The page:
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13 October 2011
An early Celtic calendar discovered in the Black Forest

Researchers at the Römisch-GermanischesPress Zentralmuseum at Mainz in Germany report that the huge early Celtic mound of Magdalenenberg, located nearby Villingen-Schwenningen in the Black Forest, may be an ancient calendar. When archaeologists studied old excavation plans of the site, they found that the burials' placement around the central tomb seems to follow the patterns of constellations of the Northern hemisphere.
     It looks the 100 meter wide burial mound of Magdalenenberg was focused towards the moon. The builders positioned long rows of wooden posts in the burial mound to be able to focus on the Lunar Standstills. These Lunar Standstills happen every 18,6 year and were the 'corner stones' of the Celtic calendar.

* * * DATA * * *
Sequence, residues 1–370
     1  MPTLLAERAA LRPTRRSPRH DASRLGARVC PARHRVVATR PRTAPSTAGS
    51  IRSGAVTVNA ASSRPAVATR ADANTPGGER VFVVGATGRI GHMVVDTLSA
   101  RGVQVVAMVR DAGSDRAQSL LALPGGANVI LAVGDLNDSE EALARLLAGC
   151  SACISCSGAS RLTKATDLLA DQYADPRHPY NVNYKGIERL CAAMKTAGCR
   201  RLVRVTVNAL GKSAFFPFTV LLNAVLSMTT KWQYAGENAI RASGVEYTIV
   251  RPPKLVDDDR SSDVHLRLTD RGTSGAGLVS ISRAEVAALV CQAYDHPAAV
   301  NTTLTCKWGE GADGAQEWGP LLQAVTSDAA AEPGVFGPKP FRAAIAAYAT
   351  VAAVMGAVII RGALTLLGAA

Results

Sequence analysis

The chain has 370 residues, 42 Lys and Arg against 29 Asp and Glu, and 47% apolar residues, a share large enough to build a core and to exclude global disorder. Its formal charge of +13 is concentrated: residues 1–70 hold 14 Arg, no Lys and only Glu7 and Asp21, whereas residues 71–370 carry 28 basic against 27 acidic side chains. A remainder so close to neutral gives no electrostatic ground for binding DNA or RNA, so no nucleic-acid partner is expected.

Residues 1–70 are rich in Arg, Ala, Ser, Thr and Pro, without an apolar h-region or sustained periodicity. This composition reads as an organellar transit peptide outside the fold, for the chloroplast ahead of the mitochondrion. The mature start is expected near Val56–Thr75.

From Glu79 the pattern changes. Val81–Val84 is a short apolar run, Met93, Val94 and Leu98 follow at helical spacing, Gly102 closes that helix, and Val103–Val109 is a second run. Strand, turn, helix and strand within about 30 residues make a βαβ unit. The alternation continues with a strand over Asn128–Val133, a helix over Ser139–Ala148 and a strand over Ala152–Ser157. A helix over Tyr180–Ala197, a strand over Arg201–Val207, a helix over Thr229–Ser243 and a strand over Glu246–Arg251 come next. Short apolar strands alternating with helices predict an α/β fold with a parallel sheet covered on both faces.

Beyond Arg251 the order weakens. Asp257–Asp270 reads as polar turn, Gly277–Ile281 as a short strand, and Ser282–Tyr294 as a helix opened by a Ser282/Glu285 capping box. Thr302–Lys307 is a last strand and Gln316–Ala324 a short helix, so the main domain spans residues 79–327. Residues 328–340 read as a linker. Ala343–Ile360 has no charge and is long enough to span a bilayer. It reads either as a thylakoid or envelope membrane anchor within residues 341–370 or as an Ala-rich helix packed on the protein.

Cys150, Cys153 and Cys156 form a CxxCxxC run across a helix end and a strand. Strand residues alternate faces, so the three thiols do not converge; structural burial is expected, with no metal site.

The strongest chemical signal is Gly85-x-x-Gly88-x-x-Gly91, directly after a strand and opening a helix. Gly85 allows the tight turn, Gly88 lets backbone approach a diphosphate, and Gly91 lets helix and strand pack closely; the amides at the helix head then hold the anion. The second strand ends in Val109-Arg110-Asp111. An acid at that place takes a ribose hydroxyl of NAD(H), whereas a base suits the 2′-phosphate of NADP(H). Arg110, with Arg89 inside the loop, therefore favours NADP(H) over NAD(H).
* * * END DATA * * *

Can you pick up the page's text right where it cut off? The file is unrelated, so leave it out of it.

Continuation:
According to the new study, the position of the burials at Magdeleneberg represents constellation patterns visible between Midwinter and Midsummer. With the help of special software, Dr. Allard Mees, researcher at the Römisch-Germanischen Zentralmuseum, calculated the position of the sky constellations in the early Celtic period and those which were visible at Midsummer. This archaeoastronomical research resulted in a date of Midsummer 618 BCE, which makes it the earliest and most complete example of a Celtic calendar based on the moon.

Edited from Heritage Portal (11 October 2011)

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